Personalised medicine and digital twins – the big trends in the future of healthcare

By Rubén Rodriguez (ERNI Spain)

The medical sector is preparing for a new era of innovation. The emergence of Artificial Intelligence applied to the healthcare sector, the evolution of personalised medicine, safety, ethics and data management are some of the factors that are reinventing research and healthcare.

Trends such as blockchain for the secure exchange of data, or digital twins of human organs are also some of the key players in the coming years.

Shaping the future of health

The medical sector is undoubtedly on the cusp of a revolutionary era, driven by artificial intelligence (AI), the evolution of personalised medicine and advances in ethical and secure data management. These elements are fundamentally transforming medical research and care.

Thus, personalised medicine emerges as a crucial trend to advance healthcare, using individual genetic profiles to make more informed decisions about prevention, diagnosis and treatment. This personalised approach reduces side effects and increases patient engagement.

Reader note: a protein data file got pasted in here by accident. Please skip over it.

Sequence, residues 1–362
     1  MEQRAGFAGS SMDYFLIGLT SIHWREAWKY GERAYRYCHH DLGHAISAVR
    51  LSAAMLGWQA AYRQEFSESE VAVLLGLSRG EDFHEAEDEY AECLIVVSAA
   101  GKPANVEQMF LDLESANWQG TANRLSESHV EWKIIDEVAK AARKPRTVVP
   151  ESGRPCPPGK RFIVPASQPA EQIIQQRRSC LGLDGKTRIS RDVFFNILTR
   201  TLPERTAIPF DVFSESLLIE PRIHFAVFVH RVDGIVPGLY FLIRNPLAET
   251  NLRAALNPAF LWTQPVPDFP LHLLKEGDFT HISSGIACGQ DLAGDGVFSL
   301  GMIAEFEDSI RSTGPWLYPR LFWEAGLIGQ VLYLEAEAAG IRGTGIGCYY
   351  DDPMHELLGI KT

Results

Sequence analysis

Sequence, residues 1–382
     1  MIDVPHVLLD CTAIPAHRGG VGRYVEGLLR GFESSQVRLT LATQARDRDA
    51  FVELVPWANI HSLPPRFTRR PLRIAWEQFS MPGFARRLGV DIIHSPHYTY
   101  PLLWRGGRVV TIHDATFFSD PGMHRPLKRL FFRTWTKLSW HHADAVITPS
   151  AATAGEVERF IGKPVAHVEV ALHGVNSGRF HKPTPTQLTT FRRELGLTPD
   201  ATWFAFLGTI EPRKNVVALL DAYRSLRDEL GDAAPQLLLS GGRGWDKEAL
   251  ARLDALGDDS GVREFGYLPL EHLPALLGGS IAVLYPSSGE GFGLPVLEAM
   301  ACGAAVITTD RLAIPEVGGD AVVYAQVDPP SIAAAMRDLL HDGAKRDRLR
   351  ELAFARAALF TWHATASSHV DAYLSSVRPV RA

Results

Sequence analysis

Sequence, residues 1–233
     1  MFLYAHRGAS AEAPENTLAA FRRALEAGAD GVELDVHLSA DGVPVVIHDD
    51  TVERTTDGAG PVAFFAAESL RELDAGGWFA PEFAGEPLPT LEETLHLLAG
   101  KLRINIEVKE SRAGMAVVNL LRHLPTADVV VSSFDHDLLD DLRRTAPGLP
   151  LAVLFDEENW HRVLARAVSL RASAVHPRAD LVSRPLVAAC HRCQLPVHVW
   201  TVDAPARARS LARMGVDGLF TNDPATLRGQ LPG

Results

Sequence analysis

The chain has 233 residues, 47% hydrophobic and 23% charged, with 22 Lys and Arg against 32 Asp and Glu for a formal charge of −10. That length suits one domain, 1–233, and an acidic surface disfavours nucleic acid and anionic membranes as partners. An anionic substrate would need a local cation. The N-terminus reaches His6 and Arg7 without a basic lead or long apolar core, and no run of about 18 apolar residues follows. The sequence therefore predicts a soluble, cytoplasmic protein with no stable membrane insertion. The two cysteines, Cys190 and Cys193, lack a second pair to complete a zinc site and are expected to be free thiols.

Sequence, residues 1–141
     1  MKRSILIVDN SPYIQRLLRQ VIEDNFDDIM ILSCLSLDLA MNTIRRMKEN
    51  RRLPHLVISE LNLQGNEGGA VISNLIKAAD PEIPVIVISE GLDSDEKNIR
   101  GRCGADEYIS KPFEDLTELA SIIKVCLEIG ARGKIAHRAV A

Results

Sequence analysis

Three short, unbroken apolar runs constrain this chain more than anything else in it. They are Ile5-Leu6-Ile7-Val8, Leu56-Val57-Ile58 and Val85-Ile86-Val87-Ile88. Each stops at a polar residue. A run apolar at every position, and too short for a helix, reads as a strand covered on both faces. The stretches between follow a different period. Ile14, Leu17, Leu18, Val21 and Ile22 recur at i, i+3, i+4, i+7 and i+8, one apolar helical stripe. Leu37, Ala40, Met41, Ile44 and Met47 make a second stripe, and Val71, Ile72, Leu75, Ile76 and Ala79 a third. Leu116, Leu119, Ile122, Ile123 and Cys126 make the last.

In this context, the convergence of AI and precision medicine offers a unique perspective, considering genetic, biological and environmental factors. Here, AI  succeeds in identifying unique patterns and healthcare needs, generating insights, reasoning and learning to support medical decisions.

Precision medicine and digital twins

Data harmonisation has become essential for this revolution, and the security and robustness of the systems and technologies that manage this data is crucial. Blockchain technology is emerging as a relevant trend, enabling the secure exchange of healthcare data and guaranteeing the confidentiality and integrity of information.

At the same time, digital twins are revolutionising medical research: these virtual models reproduce real-world systems, allowing researchers to simulate their functioning under various conditions. Among them is the fascinating development of digital twins of the human body, with a particular emphasis on the brain.

Thus, it is projected that by the end of 2024, digital twins of the human brain will have reached unprecedented levels of complexity, opening the door to extraordinary advances in the understanding and treatment of neurological diseases, providing an invaluable tool for healthcare professionals.

By opening such doors, we uncover powerful trends in precision medicine and digital twins, and can explore how these revolutionary practices are shaping a future where healthcare is more personalised, precise and driven by optimal outcomes. The combination of these two forces undoubtedly promises to unleash significant advances in the quality and efficiency of global healthcare.

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